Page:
California Court Limits Inventory Searches of Vehicles

People V. Torres (2010)
The Court of Appeals of California, Fourth District, Division Three has issued an opinion that places important limits on vehicle searches conducted by police after a traffic stop.

The case (People v. Torres) pertains to an incident that involved Alfredo Torres, who was pulled over by an Orange County Sheriff's deputy for making an unsafe lane change and failing to signal a turn. After Torres admitted to the deputy that he didn't have a valid driver's license, the deputy got Torres's consent to search him and found four cell phones and nearly one thousand dollars cash. The deputy impounded the defendant's truck, waited for another officer to arrive, and then inventoried the contents of the truck, finding methamphetamine and a pay/owe sheet (typically used to track drug transactions). During a subsequent search of the defendant's home, police found a rifle, over one hundred thousand dollars cash, drugs, and narcotics trafficking equipment.

The defendant filed motions to suppress the evidence and dismiss the charges on the grounds that impounding the vehicle and conducting an inventory search were unlawful. (An inventory search is conducted by police when a car is impounded. The purpose is to provide documentation for the police and the defendant of the vehicle's contents.)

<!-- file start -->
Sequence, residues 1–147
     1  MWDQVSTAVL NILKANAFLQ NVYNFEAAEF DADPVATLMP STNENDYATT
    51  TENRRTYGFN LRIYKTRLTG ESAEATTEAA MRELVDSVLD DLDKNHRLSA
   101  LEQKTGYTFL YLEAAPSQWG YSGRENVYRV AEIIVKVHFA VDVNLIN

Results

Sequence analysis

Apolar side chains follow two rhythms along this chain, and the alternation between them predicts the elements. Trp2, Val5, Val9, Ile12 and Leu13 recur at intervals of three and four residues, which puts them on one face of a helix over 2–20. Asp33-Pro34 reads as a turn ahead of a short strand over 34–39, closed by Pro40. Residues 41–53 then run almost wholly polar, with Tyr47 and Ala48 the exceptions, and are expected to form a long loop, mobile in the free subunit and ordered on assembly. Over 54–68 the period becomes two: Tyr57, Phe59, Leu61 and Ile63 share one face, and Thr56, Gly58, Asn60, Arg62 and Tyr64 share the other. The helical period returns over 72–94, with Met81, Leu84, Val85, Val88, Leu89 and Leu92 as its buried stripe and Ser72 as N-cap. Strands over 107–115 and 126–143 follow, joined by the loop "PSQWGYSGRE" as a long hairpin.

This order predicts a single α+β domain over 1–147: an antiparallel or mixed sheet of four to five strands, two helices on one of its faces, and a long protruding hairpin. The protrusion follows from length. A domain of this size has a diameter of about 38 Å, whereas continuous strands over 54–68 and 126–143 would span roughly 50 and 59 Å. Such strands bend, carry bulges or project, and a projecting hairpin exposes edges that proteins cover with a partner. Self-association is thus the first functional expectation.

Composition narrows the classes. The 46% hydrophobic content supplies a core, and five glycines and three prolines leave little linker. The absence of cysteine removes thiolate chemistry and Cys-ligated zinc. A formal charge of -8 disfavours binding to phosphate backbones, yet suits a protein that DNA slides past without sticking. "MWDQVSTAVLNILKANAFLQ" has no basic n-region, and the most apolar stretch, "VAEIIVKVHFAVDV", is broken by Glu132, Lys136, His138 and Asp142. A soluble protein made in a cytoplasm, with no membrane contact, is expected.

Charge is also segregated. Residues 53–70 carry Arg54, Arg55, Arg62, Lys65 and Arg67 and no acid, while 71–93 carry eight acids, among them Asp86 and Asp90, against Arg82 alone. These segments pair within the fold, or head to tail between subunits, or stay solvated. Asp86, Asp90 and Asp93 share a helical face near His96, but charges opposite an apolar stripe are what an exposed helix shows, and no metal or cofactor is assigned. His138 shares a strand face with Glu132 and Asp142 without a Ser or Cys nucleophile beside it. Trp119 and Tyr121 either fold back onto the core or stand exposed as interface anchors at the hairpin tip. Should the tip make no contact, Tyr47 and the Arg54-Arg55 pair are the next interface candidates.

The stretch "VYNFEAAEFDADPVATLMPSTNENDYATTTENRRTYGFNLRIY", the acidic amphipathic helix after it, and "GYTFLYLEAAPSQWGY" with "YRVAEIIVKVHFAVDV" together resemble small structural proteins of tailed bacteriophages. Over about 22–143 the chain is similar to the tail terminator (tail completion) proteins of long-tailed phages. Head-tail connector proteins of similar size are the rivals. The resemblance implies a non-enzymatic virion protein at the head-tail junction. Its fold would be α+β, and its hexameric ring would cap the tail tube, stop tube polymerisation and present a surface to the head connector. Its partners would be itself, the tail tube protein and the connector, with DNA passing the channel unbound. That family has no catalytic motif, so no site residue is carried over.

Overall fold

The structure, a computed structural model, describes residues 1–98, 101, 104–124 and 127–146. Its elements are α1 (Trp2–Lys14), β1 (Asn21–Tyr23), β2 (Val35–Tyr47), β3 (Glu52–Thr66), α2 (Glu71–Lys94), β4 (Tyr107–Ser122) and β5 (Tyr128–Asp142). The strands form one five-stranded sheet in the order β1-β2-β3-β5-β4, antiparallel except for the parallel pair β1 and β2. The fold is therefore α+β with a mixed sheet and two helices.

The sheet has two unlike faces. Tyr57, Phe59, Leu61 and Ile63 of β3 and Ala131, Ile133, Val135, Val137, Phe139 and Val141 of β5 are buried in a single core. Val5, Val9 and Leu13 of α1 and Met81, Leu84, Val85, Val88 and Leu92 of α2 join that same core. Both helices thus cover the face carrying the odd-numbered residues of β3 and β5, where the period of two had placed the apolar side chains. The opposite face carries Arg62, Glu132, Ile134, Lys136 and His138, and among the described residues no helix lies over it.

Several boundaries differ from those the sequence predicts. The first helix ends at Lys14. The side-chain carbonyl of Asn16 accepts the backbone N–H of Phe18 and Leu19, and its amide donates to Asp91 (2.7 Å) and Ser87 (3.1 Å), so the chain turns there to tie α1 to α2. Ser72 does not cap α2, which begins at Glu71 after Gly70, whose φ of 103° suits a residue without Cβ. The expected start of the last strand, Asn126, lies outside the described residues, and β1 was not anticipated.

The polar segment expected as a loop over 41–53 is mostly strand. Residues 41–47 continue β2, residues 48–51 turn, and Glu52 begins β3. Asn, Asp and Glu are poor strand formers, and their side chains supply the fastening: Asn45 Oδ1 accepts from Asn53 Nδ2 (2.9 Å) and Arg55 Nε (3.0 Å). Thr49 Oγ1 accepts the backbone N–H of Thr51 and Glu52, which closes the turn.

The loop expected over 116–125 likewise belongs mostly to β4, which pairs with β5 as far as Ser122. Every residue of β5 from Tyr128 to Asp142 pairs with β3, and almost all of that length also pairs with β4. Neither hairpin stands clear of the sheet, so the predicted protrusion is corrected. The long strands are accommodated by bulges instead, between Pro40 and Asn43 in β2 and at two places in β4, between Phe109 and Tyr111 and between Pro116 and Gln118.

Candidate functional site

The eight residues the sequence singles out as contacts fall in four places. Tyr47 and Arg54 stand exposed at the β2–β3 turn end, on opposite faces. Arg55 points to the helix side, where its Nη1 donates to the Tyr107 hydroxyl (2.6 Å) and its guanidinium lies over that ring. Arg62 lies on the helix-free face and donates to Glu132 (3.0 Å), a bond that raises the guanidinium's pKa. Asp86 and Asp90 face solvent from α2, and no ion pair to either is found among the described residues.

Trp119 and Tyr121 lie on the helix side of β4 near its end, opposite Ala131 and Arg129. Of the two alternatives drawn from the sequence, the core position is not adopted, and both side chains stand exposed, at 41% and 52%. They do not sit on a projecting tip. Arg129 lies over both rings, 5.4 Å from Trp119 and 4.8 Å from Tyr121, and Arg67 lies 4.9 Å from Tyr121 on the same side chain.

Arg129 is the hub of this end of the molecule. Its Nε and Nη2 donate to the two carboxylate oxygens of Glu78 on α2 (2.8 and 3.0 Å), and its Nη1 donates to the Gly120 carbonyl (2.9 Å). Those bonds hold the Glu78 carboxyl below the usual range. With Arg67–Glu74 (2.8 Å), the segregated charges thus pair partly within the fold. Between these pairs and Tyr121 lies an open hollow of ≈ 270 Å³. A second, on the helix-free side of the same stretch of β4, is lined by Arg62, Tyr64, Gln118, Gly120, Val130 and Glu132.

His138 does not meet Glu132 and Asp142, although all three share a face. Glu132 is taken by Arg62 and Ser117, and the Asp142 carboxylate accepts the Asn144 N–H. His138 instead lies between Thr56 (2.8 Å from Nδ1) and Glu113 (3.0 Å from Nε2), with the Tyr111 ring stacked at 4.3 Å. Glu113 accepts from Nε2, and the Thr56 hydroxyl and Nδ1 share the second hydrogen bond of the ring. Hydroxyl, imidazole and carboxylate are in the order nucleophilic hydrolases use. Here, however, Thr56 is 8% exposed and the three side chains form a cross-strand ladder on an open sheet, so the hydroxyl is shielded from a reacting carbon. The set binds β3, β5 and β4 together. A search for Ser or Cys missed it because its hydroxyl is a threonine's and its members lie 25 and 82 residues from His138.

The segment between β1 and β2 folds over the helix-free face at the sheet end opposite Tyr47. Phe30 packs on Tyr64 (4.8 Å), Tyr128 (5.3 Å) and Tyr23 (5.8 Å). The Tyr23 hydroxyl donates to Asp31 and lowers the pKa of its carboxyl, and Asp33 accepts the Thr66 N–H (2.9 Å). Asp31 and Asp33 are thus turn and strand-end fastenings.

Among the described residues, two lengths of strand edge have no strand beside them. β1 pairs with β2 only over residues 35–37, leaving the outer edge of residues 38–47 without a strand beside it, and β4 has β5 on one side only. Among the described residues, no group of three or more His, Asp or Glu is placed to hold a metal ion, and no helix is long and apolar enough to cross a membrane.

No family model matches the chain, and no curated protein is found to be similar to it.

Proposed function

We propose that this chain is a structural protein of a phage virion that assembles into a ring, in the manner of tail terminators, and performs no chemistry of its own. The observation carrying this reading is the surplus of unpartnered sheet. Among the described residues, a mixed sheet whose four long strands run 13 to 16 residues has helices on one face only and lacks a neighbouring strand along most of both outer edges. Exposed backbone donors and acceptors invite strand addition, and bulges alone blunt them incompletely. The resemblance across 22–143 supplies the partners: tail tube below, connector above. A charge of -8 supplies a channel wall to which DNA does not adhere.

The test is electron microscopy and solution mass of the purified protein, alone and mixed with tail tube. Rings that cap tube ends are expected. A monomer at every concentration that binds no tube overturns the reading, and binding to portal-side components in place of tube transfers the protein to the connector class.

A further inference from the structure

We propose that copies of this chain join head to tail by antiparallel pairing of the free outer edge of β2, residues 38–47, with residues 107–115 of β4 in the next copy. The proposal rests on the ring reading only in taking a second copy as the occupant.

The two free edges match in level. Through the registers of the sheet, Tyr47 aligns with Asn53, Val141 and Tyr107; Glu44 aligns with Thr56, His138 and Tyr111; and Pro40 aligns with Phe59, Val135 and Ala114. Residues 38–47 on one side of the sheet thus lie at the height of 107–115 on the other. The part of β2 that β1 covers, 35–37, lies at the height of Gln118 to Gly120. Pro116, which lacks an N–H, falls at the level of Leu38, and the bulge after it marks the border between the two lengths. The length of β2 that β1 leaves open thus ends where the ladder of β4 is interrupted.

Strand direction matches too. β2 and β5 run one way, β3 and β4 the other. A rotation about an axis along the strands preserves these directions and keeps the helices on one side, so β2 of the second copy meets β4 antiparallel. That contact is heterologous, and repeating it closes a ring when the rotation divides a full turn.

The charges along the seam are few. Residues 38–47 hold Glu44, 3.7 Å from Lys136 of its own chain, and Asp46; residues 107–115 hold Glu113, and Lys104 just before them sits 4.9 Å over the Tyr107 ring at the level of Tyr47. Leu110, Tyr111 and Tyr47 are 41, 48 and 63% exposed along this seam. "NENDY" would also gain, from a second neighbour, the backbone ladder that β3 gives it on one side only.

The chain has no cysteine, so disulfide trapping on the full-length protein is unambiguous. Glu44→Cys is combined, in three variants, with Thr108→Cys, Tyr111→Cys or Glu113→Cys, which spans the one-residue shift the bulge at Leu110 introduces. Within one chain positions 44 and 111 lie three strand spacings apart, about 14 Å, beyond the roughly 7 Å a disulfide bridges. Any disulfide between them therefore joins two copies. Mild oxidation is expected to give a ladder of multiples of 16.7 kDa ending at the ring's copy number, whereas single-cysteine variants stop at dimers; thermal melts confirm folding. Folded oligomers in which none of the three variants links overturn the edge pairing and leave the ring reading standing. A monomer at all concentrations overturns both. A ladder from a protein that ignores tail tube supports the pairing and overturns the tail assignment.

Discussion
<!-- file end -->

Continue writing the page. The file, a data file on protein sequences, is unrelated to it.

The motions to suppress evidence and dismiss charges were denied by the lower courts. The defendant then pleaded guilty to all the counts against him and was sentenced to three years in state prison. He subsequently filed an appeal with the California appellate court.

The Appellate Court's RulingThe appellate court stated that the traffic stop was lawful since the deputy witnessed the defendant committing the offenses.

However, the court ruled that the impounding of the vehicle and subsequent inventory search were unlawful since the deputy admitted during the preliminary hearing that his primary motivation for impounding the truck was to provide the opportunity to conduct an inventory search. In addition, the officer did not state that impounding the vehicle and conducting an inventory search were necessary under the "community caretaking function," which pertains to vehicles that are illegally parked or impeding traffic. 

Significance of Torres DecisionThe court in this case has defined an important limit on police authority to conduct inventory searches. Though police do have the authority in some circumstances to impound and search a vehicle, an inventory search is invalid when the decision to impound the vehicle is made as a ruse or pretext to search for narcotics or other evidence of illegal behavior.

Free and Confidential ConsultationIf you have been the subject of a traffic stop, vehicle impoundment, or inventory search, call me at (916) 442-1200 for a free and confidential consultation about your case.